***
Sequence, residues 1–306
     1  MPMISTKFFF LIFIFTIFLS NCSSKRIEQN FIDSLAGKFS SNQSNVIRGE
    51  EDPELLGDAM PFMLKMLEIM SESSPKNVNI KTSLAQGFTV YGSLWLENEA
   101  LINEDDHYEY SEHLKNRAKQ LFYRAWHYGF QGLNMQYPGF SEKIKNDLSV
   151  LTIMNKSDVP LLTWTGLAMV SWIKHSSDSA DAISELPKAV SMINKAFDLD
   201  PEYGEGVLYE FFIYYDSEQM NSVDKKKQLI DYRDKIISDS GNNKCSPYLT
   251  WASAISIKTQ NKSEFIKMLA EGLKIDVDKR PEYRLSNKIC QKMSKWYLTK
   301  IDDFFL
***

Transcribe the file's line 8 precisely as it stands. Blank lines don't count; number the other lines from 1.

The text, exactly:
   301  IDDFFL